One thing I noticed about some of my fellow trainers is that they were rarely in a relationship themselves and, usually, had very few friends. That was how I concluded that, for them, Assertiveness was another name for what Richard Bandler used to call ‘Loneliness Preparation’.

Because the way some of them taught the basic course it came over as way too confrontational.

Being truthful about your emotions, desires and needs is most certainly not helped by confrontation. Instead, it’s about being blunt and to the point – but nice with it; stating your own point of view while appreciating that the other person has a point of view too; being clear about what you want, while being ready to give the other party something in return.

I made some similar points in a book I once wrote with Roy Johnson, called Influencing People. That book still sells well and a few readers tell me they found the techniques in the book very powerful.

There is also an excellent blog on respectful communication on JohnPlaceOnline. One thing I really like about John Place’s advice is that he teaches the importance of listening to the other person while you are asserting yourself. If you don’t do that then the other person isn’t going to listen to you full stop. Which defeats your aim. Another point I liked was that, when asserting yourself, you stick to stating the facts rather than going in for name-calling.

The aims of Assertive communication are:

1. To practice being truthful

2. To express, resolve and clear your emotions (see my blog on Emotions).

3. To get some personal need satisfied (e.g. respect, cooperation, improved relationships).

The four most common mistakes that people make when handling conflict:

a. Sounding resentful

b. Blaming people

c. Being vague about what happened

d. Being vague about what they want

Making any of those mistakes means you won’t get what you want. Instead you will most likely have an argument and end by feeling even more frustrated than when you started. You may also end up a bit more lonely than you were before.

A formula for being assertive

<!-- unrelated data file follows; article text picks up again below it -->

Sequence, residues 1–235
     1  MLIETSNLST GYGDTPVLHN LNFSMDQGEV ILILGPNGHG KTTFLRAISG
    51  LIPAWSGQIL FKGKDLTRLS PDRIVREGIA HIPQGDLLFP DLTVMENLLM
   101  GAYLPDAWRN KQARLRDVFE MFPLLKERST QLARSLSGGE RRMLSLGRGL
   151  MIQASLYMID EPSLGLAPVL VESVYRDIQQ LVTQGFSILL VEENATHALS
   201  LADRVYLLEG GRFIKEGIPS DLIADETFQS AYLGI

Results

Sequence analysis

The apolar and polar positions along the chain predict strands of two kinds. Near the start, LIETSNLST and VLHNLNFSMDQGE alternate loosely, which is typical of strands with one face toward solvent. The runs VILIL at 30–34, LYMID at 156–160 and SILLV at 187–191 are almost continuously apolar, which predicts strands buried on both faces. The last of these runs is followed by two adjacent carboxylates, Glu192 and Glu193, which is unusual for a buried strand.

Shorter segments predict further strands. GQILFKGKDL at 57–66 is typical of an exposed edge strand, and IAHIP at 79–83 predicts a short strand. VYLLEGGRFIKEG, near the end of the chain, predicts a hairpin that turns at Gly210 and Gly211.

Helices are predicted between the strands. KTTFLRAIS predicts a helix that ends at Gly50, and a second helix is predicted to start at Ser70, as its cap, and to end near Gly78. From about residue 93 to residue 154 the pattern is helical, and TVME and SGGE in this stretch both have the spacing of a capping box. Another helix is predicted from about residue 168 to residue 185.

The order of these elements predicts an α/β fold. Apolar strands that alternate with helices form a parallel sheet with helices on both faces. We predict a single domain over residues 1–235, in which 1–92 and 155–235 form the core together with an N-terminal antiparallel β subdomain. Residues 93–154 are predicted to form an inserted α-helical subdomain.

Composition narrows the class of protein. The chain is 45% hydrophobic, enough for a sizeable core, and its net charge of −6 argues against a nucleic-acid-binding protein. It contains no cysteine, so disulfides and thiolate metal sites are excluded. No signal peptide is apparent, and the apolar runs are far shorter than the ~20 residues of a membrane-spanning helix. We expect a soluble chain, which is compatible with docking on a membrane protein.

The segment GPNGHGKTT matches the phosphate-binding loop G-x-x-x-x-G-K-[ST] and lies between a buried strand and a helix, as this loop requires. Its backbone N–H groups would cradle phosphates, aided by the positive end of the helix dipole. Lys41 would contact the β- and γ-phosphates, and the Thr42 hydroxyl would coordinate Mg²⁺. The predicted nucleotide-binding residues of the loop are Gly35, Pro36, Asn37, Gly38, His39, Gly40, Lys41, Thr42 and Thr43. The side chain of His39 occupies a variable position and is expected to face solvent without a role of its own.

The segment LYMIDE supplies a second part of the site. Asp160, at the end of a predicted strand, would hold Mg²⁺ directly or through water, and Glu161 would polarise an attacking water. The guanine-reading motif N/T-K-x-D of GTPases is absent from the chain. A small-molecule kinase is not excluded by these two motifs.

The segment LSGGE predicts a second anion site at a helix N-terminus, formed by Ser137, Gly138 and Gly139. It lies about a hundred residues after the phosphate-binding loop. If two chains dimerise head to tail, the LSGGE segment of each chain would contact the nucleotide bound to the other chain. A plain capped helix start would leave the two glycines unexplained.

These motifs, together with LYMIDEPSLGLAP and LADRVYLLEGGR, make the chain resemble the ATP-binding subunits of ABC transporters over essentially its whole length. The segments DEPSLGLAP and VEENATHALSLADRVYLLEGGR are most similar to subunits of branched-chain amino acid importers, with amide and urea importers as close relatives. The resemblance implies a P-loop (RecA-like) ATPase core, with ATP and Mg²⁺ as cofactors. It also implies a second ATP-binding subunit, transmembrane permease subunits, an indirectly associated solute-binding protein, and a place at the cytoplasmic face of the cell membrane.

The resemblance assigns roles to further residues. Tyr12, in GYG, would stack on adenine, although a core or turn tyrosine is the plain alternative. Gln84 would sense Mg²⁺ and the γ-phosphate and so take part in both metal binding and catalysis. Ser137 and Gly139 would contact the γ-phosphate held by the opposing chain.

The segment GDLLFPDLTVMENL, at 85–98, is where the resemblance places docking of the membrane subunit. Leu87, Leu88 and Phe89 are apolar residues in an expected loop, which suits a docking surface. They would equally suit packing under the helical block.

This is a method we teach in Reverse Therapy. It’s a simple process and is summed up by the mnemonic:


EVEN stands for the Event. Here you need to be clear and factual about what actually happened. For example, say ‘While we were at dinner you told me to be quiet in front of our friendsnotYou’re always humiliating me when we’re out in public.’

COD stands for the  Consequence. Here you need to state a mutual result that you both want, or that neither of you want. For example, say: ‘I’d like to find a better way for us to do the social minefield‘ or ‘Our friends might think we aren’t getting alongnotNow you go and ruin my dinner party!

NEED stands for your Needs – what you want to have happen next. This requires you to be clear about the new behaviors you are asking for. For example, say ‘Next time we are out together and you want to tell me something like that then please tell me in private.’ notWhy can’t you ever learn to treat me right?’

AIR stands for Appreciation – appreciating the other person’s point of view. This could range from appreciating your partner’s intentions, sympathizing with the situation they were in, thanking them for something, or expressing affection, friendship or love.

For example:

Appreciating intentions – ‘I can understand you not wanting me to embarrass myself.

Sympathizing: ‘I get that you have had a tough day and you’re really tired.’

Thanking: ‘First, I want to say thanks for coming tonight. It meant a lot to me.

Expressing: ‘You know, I appreciate you looking out for me”

(Appreciation, by the way, can go anywhere in your statement – at the start, in the middle, or at the end. Personally, I prefer to put it at the start if possible, as that tends to get people’s attention).

When you are done you can invite a discussion, artfully turning the other person’s attention to your stated needs rather than going over what happened.

For example:

Can you think of a better way?’
‘What would work for you?’
‘Would you do that for me

If you practice at first on small grievances and work on up, and practice this process every day – then I guarantee you will get results – and so will the people you most care about.

Next post: I will write about people who won’t play ball – the bullies, manipulators and control freaks. And what to do about them when you use this process.